The Marchioness, a small pleasure cruiser packed with around 130 partygoers, was sunk with the loss of 51 lives when it was struck by a barge on the River Thames on this day in 1989.

The boat, which had been hired by a young entrepreneur named Jonathan Phang to celebrate the birthday of his business partner Antonio de Vasconcellos, was hit by the dredger Bowbelle near the Cannon Street railway bridge as both vessels headed downriver in the early hours of the morning.

The anchor of the 1,880-tonne barge sliced through the side of the 46-tonne Marchioness, which rolled over and began to capsize immediately; as it did so, the Bowbelle (pictured below) continued forward, pushing the stricken cruiser underneath it and deeper into the water.

The Bowbelle.

The smaller boat was completely immersed in no more than 30 seconds, with most of the victims trapped in its hull. The majority of survivors had been on its upper decks when the collision occurred; police commandeered other small boats to pick them up at the scene.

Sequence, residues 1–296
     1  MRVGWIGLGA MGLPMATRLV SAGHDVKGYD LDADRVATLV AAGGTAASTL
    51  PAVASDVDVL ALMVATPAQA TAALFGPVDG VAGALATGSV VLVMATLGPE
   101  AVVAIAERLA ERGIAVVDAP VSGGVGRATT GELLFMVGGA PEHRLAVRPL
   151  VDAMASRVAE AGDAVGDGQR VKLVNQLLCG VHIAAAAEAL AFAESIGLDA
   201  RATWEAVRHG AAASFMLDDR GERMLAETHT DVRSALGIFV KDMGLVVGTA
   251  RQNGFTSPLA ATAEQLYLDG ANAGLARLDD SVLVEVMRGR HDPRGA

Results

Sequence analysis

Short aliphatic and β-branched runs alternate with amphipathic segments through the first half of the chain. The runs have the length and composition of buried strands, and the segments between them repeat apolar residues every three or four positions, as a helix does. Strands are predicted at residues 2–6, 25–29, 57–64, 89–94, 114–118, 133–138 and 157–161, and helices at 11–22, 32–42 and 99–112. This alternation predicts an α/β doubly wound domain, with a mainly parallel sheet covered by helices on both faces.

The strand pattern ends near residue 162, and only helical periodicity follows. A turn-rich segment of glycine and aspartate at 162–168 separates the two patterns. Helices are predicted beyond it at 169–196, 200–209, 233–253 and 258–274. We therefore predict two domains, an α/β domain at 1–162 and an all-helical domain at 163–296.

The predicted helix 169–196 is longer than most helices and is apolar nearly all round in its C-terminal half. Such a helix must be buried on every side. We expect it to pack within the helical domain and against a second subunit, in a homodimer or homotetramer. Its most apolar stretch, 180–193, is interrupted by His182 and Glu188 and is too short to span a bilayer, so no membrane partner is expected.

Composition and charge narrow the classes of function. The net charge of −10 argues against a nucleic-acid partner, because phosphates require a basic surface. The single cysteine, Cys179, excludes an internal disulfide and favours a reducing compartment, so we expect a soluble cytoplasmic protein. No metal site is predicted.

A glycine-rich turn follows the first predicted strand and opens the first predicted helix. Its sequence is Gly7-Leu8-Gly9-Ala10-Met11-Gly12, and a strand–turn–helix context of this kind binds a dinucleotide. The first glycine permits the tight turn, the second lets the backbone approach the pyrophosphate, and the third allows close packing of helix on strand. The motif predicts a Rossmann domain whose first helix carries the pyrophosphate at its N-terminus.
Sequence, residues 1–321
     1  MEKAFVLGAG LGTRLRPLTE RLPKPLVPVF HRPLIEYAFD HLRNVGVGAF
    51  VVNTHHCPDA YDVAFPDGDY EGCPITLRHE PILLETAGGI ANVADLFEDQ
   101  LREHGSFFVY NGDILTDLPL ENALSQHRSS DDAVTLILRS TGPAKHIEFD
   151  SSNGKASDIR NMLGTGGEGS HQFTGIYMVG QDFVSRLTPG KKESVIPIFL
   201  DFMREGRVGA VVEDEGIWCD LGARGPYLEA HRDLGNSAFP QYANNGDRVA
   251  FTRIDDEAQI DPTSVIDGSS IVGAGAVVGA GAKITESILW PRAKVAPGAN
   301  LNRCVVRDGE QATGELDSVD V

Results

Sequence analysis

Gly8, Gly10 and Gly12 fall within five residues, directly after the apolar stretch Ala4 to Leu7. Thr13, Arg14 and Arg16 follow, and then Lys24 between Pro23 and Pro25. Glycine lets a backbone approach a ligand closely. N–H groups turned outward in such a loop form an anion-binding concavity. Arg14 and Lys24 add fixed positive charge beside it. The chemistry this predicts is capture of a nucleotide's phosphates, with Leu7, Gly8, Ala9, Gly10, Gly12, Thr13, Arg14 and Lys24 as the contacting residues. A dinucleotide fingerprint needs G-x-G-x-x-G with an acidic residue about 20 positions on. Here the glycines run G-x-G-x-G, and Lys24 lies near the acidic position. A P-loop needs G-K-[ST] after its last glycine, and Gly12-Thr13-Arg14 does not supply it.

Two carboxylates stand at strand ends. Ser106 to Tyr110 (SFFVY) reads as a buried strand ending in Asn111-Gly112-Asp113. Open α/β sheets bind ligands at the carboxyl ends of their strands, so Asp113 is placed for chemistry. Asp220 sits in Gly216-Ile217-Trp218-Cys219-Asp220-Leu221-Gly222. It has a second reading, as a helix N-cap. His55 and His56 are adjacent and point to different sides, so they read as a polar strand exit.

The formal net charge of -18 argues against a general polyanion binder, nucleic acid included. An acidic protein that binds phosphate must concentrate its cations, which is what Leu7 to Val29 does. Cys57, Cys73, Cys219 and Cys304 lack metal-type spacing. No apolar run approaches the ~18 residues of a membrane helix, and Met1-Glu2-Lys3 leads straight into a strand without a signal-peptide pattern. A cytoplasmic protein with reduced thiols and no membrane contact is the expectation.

An investigation found the disaster to have been caused by the poor visibility from each ship's wheelhouse, the fact that both vessels were using the centre of the river and the lack of clear instructions to the lookout on the Bowbelle.

The captain of the dredger, Douglas Henderson, was twice prosecuted for failing to keep an adequate lookout but was acquitted as the juries were unable to reach a verdict on both occasions. However, a coroner's inquest in 1995 found the victims had been unlawfully killed.

A memorial in Southwark Cathedral to those who lost their lives in the disaster.

Survivors and families of victims campaigned more than 10 years for a public inquiry, which was finally held in the year 2000.

Chairman Lord Justice Clarke’s report blamed poor lookouts on both vessels for the collision and criticised the boats’ owners for failing to instruct and monitor their crews correctly.

Lord Clarke’s recommendations also led to four lifeboat search and rescue stations being set up on the Thames by the Royal National Lifeboat Institution (RNLI) in 2002, as well as changes to laws governing inland waters.